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Sue Bird: As familiar a face as the women’s basketball world has ever known

She’s one of the greatest to ever play the game and if you follow women’s basketball, you feel like you know Sue Bird. Because of her winning, her personality, her eloquence and the way the WNBA has marketed her, she leaves behind a legacy that may not be No. 1 on the court, but is just as famous as Diana Taurasi’s.

Las Vegas Aces v Seattle Storm - Game Four
Sue Bird
Photo by Steph Chambers/Getty Images

Sue Bird’s farewell to the WNBA had been highly-anticipated by everyone in the women’s basketball community ever since she announced, on June 16, that she would be retiring at the end of this season.

When the moment finally came to say goodbye Tuesday night after the Seattle Storm were eliminated from the playoffs at the semifinal stage, Bird said it “just feels kinda weird.

“I think initially you feel sad about the season and the game, or I felt sad about the season and the game. And I then think as the emotions started to come to the surface, that's also what I know deep down in that that was my last game. So it was a combination of those two things.

“I didn't really want to leave the court. It felt like that’s where everybody was going, so I followed at first. But I also wanted to kind of have one last moment to say thank you, to soak it all in. Cuz in some ways it is a happy thing. You know, I'm proud of everything we’ve accomplished here and of course I'm sad, but there’s happiness too — to be able to have a moment like that with the fans, to have them chant the way they did. I know the tears don’t look like happy tears, but there’s a lot of happiness.”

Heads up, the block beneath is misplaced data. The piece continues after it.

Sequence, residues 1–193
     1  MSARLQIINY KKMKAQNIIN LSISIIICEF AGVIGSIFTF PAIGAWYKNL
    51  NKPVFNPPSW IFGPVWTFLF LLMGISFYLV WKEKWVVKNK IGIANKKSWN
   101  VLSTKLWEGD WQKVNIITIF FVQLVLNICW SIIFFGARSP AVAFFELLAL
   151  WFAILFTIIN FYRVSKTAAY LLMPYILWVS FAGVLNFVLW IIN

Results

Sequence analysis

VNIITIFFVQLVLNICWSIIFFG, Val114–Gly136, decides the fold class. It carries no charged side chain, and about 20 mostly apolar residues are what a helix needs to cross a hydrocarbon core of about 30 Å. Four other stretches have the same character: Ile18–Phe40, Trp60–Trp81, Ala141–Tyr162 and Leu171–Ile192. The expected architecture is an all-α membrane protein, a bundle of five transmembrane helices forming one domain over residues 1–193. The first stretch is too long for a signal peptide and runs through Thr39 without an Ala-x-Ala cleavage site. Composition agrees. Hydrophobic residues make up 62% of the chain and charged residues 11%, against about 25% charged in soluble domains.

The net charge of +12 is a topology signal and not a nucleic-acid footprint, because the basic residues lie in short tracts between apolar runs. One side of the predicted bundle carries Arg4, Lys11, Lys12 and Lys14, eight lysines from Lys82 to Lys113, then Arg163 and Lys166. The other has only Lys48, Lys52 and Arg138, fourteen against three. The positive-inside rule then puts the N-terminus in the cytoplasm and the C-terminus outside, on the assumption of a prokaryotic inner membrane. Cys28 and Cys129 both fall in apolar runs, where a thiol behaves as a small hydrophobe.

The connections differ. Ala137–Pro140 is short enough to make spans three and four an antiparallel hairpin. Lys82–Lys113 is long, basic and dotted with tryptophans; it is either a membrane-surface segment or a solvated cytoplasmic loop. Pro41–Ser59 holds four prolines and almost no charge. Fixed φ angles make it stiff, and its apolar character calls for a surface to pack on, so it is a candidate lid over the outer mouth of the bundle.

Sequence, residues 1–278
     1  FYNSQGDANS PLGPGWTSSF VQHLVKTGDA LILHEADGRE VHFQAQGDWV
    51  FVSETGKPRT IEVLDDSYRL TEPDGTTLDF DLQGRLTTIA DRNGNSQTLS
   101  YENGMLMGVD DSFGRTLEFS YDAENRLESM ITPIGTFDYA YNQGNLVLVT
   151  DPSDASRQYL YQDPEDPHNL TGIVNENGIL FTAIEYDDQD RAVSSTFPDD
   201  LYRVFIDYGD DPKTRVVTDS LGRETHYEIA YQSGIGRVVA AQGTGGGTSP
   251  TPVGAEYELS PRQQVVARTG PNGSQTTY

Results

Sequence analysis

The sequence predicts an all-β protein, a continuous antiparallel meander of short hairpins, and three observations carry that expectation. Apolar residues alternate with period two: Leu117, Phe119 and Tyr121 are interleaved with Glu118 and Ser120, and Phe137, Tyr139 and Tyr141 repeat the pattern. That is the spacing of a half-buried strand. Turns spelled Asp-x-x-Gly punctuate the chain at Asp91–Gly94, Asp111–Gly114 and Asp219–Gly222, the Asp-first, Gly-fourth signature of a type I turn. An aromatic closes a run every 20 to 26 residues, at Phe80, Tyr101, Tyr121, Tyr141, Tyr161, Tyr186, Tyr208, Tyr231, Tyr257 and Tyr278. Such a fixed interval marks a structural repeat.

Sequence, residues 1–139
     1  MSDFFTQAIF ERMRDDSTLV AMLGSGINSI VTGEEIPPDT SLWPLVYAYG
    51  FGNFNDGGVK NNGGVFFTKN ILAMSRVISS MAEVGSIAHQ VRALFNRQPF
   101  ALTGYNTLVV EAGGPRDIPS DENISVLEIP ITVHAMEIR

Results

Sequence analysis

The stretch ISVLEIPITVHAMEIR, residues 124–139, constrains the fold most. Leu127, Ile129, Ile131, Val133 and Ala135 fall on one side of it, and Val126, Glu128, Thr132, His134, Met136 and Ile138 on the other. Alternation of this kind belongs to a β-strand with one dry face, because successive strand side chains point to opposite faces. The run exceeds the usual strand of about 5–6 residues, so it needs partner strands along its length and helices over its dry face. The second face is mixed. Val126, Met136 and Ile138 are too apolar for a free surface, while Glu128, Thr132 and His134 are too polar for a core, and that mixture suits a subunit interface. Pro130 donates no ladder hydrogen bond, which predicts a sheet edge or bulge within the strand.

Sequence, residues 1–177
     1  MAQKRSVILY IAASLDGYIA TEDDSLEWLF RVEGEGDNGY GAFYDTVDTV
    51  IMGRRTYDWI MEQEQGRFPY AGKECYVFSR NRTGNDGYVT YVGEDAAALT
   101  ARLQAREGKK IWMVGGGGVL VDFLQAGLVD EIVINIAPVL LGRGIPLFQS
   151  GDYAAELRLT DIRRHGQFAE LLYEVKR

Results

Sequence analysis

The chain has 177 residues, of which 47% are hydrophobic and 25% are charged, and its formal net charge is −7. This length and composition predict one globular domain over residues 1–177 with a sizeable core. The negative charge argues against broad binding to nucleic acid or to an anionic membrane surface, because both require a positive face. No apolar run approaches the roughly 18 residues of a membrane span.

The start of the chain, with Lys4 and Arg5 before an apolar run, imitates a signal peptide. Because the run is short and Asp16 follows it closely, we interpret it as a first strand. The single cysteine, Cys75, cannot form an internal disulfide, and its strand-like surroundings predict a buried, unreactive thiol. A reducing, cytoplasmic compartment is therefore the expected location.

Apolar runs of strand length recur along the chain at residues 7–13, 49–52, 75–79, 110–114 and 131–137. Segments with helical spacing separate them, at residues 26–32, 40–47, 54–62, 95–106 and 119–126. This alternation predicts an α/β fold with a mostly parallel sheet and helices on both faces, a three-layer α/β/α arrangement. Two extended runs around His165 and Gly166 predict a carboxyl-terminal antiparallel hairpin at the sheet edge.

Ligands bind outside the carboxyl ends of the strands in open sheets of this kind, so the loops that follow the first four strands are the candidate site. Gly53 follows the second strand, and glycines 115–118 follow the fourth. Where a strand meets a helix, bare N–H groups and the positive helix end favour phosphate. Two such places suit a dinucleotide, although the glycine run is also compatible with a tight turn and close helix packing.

“I stayed on the floor and just watched her get the love from our fans,” said Storm head coach Noelle Quinn. “I wasn’t here to witness her last (regular-)season game and feel that energy, so I wanted to stay and feel that today. It’s amazing what she’s done for the city of Seattle, for this organization, for this team. It’s tough not finishing the season having her ride off on a white horse with a championship, but she’s won enough for the both of us, so just proud to be a part of her journey.”

You know the key numbers. 3,234 regular-season assists. Nineteen seasons. Five gold medals. Four championships. Bird is considered to be the greatest point guard to ever play on the women’s side and while her fiancée, Megan Rapinoe, may have hundreds of thousands more Twitter followers and about 1.5 million more Instagram followers, her fame transcends the walls of the women’s basketball community. And within it, she is as revered as anyone who has ever laced them up.

She will always be known first and foremost for her distributing, but Bird averaged double-figure scoring 17 times and 14-plus thrice. She shot 39.2 percent from beyond the arc for her career — good for 20th all-time, one spot behind Allie Quigley and one ahead of Elena Delle Donne. Her greatness stands on its own for all these reasons, but it will also forever be linked to the greatness of two others: Lauren Jackson and Breanna Stewart. And Bird will be the first to tell you that she couldn’t have won her championships without those two, saying, “Generally speaking, you need that one.

“I played with two like franchise, epic, Hall-of-Fame, legendary players.”

“As sad as it is that we’re not having the ability to compete for a championship, I think what’s more devastating it just the fact that we’re no longer gonna be on the court with Sue,” Stewart said. “We’re not gonna see her in practice, we’re not gonna play with her in games. That’s what hurts the most, is just having that come to a reality really, really quickly. And that’s the way sports go and that’s the way things go.